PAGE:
A recent episode of MTV’s “True Life” followed two young adults that were self-proclaimed “tanning addicts.” The episode was filled with misconceptions about tanning, including outdoor, indoor and spray tanning. As the leader in responsible tanning, the American Suntanning Association wants to clear up some of that misinformation.
Nobody should tan indoors or outdoors multiple times a day. Moderate indoor suntanning is all about looking good while reducing the risk of sunburn. Trained indoor suntanning operators, with the help of session management software, won’t allow customers to tan more than once in a 24-hour period. Operators also control all exposure times to minimize a client’s risk of overexposure and sunburn.
The “75% increased risk of melanoma” statistic is misleading. This statistic came from a World Health Organization study that combined the data from medical phototherapy equipment, unsupervised home units and commercial sunbeds. Results of the study showed medical equipment to increase risk 96%, unsupervised home units 40%, and commercial sunbeds only 6%, which is statistically insignificant. The statistics were combined for the 75% and incorrectly attributed to sunbeds.
Spray tanning is not just like applying makeup to your skin. The primary ingredient used in most spray-on tanning equipment today is called dihydroxyacetone (DHA). DHA, a colorless sugar, interacts with the outermost layer of the skin to darken skin color in a period of several hours. It takes about 12-24 hours for the DHA in your skin to reach its full tanning potential and a spray-on tan can last as long as 7-10 days. Some spray solution does include an instant bronzer to give instant results while the DHA darkens. Spray tanning does not offer any sunburn prevention.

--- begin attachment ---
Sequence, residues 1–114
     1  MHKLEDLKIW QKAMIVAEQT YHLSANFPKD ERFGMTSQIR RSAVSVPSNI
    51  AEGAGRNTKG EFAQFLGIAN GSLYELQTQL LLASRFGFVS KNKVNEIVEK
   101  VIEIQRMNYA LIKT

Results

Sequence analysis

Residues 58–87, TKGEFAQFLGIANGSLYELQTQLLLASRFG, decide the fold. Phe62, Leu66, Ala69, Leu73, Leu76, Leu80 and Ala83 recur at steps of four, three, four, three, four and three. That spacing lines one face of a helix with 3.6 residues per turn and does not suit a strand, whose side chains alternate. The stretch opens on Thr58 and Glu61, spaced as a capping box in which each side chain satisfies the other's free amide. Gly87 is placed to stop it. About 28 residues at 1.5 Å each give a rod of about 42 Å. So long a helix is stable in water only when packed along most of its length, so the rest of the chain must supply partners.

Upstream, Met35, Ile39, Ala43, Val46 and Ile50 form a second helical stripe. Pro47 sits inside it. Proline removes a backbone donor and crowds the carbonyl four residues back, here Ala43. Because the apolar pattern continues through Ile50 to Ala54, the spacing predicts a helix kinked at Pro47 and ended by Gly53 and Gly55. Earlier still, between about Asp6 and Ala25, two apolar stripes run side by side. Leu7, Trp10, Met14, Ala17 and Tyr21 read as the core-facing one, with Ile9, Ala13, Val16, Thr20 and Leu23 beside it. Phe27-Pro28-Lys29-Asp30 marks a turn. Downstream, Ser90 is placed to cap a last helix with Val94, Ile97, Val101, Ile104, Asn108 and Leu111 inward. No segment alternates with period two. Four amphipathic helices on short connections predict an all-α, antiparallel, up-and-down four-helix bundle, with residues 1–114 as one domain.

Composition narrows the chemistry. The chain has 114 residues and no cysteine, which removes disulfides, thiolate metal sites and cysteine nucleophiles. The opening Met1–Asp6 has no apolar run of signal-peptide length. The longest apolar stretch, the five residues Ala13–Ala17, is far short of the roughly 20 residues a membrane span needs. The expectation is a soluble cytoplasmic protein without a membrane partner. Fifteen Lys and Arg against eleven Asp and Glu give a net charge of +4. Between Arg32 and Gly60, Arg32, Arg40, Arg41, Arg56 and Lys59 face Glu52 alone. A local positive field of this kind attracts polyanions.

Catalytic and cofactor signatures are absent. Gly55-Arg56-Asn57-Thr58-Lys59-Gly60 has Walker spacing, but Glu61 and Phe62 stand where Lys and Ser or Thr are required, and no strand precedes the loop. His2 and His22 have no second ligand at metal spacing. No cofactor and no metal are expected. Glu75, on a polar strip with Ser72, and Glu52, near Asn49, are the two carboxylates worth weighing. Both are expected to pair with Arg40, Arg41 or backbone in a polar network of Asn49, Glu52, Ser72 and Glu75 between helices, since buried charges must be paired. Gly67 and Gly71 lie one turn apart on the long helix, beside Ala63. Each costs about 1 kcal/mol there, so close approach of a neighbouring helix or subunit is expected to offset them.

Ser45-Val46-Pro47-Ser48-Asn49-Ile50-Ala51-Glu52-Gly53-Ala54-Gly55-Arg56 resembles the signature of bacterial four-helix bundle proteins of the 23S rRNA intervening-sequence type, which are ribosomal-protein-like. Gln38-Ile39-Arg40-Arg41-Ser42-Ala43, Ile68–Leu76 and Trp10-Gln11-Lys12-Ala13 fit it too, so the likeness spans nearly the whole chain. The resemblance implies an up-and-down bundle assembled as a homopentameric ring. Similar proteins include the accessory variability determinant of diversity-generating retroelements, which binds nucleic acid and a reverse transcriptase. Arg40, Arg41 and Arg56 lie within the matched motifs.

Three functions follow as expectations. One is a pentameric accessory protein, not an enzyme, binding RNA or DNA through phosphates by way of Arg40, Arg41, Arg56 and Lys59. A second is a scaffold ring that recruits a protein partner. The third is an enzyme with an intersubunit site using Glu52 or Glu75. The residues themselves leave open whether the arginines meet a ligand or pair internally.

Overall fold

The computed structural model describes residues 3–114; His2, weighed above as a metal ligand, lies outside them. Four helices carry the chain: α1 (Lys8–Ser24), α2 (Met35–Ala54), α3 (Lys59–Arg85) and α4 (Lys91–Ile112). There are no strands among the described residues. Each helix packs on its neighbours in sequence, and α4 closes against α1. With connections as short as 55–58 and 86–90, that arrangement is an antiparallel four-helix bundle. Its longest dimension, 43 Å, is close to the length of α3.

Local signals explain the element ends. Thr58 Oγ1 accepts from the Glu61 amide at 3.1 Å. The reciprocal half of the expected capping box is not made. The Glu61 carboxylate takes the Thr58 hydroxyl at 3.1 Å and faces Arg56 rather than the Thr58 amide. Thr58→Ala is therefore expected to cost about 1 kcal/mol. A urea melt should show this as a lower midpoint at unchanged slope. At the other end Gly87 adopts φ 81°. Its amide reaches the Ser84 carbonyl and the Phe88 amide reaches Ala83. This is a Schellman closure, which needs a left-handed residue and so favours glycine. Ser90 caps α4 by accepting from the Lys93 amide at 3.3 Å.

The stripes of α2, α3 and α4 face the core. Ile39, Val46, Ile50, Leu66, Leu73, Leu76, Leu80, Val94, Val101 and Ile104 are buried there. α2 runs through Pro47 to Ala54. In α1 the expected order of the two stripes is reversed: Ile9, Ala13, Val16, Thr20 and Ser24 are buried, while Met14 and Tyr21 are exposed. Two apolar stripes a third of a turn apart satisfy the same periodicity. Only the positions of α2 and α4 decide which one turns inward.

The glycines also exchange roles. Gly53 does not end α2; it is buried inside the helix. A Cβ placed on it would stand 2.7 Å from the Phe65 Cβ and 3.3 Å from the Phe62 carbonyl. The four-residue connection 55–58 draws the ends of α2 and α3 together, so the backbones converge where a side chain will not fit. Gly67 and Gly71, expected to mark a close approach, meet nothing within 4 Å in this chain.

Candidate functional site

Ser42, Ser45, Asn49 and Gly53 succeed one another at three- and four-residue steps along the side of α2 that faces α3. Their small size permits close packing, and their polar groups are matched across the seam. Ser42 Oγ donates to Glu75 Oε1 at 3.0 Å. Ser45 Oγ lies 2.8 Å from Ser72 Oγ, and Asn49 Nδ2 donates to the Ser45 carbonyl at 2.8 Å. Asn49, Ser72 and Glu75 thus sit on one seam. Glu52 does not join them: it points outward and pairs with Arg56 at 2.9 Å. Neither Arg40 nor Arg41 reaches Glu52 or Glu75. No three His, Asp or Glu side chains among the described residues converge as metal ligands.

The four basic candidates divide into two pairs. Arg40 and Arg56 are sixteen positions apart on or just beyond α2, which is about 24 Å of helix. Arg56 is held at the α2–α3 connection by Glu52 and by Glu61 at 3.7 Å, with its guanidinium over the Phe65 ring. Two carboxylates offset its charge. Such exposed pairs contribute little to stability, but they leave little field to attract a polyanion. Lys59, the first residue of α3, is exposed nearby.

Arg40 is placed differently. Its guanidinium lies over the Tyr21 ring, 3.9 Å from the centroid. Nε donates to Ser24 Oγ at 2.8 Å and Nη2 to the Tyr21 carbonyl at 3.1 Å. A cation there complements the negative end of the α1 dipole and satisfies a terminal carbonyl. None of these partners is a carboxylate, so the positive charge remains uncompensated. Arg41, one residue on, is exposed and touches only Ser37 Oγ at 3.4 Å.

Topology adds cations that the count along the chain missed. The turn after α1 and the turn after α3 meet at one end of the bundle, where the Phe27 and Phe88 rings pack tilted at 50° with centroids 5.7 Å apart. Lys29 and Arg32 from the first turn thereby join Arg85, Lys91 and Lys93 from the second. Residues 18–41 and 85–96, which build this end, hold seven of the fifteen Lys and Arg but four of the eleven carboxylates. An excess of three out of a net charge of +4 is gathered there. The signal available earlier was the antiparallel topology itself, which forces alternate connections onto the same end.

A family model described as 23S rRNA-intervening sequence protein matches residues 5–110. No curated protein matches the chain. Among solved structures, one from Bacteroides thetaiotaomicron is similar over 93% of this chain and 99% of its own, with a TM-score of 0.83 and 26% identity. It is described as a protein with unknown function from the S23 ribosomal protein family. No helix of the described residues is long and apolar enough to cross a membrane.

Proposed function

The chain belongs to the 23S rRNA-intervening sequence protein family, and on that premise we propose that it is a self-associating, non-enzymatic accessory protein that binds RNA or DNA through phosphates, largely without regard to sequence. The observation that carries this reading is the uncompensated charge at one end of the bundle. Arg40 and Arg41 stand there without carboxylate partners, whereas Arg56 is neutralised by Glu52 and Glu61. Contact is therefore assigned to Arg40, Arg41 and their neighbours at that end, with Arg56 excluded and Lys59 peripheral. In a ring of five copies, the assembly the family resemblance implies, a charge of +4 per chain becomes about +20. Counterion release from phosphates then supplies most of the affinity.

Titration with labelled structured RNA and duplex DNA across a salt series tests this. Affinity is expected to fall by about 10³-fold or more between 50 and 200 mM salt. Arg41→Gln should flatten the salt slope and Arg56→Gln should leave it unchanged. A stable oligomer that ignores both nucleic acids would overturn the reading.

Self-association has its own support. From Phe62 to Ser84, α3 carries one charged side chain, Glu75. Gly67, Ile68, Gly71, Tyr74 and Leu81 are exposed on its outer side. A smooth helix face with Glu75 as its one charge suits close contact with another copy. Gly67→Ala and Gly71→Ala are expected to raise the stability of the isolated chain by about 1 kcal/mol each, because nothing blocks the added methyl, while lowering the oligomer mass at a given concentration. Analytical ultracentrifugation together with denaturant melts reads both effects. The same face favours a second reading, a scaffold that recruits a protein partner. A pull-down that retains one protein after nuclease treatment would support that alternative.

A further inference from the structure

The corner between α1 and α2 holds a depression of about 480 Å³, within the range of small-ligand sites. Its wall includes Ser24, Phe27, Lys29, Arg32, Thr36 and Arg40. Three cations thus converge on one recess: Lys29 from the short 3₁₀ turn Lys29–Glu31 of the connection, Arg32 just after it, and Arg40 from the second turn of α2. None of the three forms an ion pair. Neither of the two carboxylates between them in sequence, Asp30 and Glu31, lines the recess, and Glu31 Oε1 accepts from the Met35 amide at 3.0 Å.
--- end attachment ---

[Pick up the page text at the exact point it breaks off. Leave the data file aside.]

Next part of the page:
The American Suntanning Association is a values-based coalition of suntan centers committed to teaching the vision of responsible and balanced sun care. For more information, visit TanResponsibly.com.
The Biebs was spotted at a tanning salon in Paris! Not sure if he was there for a spray tan or a UV tan, but he’s looking great either way!
Meredith Hoffman at DNAInfo.com reports on alternative reasons people regularly visit tanning salons.
A Connecticut tanning industry group’s efforts to promote self-regulation of the teenage tanning issue in Connecticut gained press attention this week.
Tom Kelleher, owner of Tommy’s Tanning based in Connecticut, and Karen Bentlage of Future Industries met with members of the press in the capitol building in Hartford, Conn., this week. Kelleher and Bentlage have already spearheaded an effort to sign nearly 100 salons to the self-regulatory pledge.
Kelleher and the Connecticut group are working with an ASA lobbying group to promote the effort. Here are three stories that appeared today from their meetings:
Medical news service MedPageToday.com, Friday, reported on the American Suntanning Association’s efforts to combat myths about UV exposure, putting anti-tanning lobbyists on the defensive to explain inaccuracies in their allegations about sunbed usage.
“It is time to have a higher-level discussion about UV light from the sun and from sunbeds. The ASA is going to be a constructive party in that discussion, demanding a consumer-first conversation differentiating proper sun care from blatant overstatements about the risks of UV exposure,” ASA president Bart Bonn is quoted as saying.
Finally brought into the discussion: The fact that an often-cited World Health Organization criticism of sunbed usage in fact implicated dermatology’s usage of sunbeds but not commercial salon usage and that almost no one has reported that data correctly.
ASA board members Doug McNabb and Diane Lucas are also quoted in the article, emphasizing the ASA’s focus on combating myths as well as raising salon standards and educating employees and consumers.
“We want to shed some light on that data and make sure people are making decisions on the basis of scientific facts and not on the basis of a newspaper headline or a TV news show,” said McNabb.